Even in the old days of serious fasting and personal sacrifice during Lent, Sundays were often considered days off, when the devout penitents could eat whatever they wanted before starting their fasting again on Monday. And refraining from the consumption of animal-based foodstuffs was a sacrifice indeed. Don’t forget, in those days there were no semi-trailers hauling in groceries from the far corners of the globe, pressure canning was unknown, and homes did not have electric freezers. The only produce available by Easter in the colder climes would be grains, cabbages, and root vegetables like potatoes, carrots and rutabagas. Diets without meat, milk, eggs or cheese could be boring indeed.

EASTER DECORATING

Saw some adorable Easter centerpieces prepared by a TIMESland florist that can be easily duplicated, even by an unartistic klutz like Yours Truly.

Get a clear glass vase with a somewhat bulbous base. In the bottom put some jelly beans, pastel M&Ms or those cute little spotted bird eggs, up to about the fattest part of the vase. Make a sort of sleeve out of tissue paper in an appropriate Easter color, preferably green, and tuck it into the vase atop the candies with an empty clear glass of an appropriate height set in the middle.

Around the outer edge of the vase (but on the inside) put a solid ring of either yellow peeps or the pink marshmallow bunnies. Then carefully pour in some more of the candies between the tissue paper and the peeps so they hold the peeps against the vase wall, and hold the glass in the center upright.

Now, make sure the tissue paper is standing nicely upright, so it doesn’t come in contact with the glass that it’s holding, because you’re going to fill that with water. Things could get really messy if the water were to leech out onto the candies in the bottom of the vase.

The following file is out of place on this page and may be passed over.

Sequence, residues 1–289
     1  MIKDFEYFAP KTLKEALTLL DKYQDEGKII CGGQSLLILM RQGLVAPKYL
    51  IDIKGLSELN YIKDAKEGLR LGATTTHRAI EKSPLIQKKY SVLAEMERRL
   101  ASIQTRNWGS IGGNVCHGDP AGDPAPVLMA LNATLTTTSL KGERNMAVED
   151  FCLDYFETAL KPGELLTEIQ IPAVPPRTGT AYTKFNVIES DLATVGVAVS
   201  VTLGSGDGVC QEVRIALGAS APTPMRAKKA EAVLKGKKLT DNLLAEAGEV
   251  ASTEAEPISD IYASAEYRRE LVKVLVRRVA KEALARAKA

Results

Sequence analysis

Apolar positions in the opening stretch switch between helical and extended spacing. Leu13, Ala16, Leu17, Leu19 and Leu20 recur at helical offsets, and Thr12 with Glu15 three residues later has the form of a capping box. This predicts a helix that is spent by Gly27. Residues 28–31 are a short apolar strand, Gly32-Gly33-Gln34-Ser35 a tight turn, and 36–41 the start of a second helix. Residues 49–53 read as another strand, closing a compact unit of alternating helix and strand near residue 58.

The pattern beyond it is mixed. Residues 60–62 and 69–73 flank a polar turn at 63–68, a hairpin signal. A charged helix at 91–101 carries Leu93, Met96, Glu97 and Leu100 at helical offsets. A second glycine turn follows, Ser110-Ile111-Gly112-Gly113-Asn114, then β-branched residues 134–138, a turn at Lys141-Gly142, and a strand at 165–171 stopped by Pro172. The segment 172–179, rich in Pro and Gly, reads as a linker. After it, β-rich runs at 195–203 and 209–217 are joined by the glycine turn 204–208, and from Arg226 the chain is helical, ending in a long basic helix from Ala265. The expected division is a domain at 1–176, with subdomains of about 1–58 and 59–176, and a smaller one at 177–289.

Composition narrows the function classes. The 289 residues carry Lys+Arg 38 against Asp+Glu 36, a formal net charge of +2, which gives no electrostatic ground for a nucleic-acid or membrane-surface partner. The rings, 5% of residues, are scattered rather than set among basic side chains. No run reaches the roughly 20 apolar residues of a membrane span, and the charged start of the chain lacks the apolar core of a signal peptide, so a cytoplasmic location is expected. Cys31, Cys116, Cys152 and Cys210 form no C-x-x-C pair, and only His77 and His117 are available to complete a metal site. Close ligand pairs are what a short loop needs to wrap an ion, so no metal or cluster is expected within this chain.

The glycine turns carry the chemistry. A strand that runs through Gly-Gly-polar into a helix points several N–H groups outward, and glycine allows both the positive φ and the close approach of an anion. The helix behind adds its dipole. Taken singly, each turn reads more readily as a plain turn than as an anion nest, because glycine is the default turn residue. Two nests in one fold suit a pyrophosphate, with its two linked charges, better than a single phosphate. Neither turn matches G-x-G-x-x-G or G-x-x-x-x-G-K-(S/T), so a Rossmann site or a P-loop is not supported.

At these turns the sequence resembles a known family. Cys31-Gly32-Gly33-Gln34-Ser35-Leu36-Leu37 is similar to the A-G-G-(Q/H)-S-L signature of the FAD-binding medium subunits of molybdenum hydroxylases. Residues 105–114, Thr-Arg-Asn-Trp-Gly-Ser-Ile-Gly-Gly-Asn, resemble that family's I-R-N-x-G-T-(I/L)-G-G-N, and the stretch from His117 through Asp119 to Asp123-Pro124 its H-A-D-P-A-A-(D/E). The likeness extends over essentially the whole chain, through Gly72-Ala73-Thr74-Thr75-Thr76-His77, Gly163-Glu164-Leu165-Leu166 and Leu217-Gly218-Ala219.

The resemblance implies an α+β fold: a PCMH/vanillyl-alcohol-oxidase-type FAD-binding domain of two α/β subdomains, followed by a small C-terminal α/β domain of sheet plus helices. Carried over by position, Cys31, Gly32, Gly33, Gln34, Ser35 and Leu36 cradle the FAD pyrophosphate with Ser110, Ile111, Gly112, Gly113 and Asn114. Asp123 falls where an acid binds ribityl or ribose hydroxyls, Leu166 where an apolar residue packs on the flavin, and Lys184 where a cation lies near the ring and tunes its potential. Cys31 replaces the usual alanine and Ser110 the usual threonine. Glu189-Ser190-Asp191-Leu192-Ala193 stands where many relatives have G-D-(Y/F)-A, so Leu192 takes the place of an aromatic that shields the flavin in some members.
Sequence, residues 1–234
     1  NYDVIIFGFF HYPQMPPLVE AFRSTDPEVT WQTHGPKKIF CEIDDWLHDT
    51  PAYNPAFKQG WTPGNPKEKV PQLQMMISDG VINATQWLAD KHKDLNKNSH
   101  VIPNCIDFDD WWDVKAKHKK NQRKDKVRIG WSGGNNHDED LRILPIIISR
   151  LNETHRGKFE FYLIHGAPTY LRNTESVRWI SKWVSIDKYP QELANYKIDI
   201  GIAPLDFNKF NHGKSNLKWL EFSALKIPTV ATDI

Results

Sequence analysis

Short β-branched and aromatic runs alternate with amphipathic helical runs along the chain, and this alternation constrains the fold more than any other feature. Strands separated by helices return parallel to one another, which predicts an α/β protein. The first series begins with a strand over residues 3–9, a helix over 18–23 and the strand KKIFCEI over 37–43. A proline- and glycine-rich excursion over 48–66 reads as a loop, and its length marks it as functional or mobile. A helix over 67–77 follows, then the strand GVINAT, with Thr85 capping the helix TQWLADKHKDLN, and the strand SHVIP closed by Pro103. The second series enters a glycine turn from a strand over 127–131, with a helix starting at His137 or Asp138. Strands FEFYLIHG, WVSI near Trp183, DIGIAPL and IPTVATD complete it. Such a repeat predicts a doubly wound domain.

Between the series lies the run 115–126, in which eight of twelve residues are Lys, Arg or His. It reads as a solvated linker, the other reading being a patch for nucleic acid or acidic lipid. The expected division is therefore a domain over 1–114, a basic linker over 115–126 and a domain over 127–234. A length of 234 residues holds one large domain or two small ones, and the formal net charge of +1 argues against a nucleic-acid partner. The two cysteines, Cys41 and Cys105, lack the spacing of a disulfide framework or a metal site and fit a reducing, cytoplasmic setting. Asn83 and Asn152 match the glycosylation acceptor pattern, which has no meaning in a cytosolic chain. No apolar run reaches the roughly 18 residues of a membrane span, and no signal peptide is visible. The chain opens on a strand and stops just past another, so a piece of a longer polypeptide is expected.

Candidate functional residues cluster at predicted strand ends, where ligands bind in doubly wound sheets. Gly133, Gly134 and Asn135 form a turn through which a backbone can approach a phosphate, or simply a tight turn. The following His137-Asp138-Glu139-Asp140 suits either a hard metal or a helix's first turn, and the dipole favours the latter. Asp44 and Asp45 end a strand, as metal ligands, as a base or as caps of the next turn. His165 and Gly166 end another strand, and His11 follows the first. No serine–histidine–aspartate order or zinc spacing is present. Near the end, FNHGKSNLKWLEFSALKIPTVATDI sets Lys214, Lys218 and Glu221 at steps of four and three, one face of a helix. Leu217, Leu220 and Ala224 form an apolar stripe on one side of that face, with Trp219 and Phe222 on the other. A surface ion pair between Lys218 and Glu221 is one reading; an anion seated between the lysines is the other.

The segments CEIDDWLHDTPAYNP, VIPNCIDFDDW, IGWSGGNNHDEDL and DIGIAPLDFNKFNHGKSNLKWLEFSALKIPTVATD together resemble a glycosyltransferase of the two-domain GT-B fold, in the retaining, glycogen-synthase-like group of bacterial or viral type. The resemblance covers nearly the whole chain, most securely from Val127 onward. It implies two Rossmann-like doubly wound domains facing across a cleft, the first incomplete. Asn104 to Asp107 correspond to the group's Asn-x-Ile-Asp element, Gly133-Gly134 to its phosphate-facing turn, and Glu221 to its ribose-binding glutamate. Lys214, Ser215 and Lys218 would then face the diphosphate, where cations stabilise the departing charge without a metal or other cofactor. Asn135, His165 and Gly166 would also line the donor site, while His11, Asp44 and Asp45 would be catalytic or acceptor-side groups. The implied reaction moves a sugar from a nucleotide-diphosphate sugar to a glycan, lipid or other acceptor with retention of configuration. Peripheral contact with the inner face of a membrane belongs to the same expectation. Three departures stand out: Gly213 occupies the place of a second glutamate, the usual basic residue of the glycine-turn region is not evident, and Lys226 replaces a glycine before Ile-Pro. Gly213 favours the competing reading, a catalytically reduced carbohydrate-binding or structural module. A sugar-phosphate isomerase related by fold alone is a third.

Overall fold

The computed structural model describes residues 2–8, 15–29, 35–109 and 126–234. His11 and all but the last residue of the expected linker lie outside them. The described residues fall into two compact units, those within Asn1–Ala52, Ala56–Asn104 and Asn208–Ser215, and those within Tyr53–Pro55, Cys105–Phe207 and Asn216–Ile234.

Now, put water carefully into the glass in the center of the vase (not too deep), and insert stems of cut flowers for a centerpiece bouquet. Some stems of ivy trailing down the sides of the vase would add even more charm to the arrangement, but don’t use so many that the peeps are hidden.

VOTE ON TUESDAY

We in TIMESland go to the polls on Tuesday, April 3. There isn’t a lot of competition, but there is some. If you don’t know the candidates personally, or even if you do, take the time to find out their stand on some basic issues, like land use controls, personal freedoms, and, for school board candidates, educational philosophies.

Just going to the polls isn’t enough. To be truly responsible citizens, we really should know what to do when we get there!

ON THE SOAP BOX

PAIN AT THE PUMPS


What a brilliant move! With gasoline prices setting record highs, President Barack Obama and friends have not only stopped the Canadian pipeline, they placed an embargo on an American oil field capable of producing a million gallons of crude a year to protect some type of lizard that apparently wasn’t where they thought it should be.

Guess what, fellas? Dinosaurs went extinct many years ago, and the world survived. In fact, we’re probably doing a lot better without them.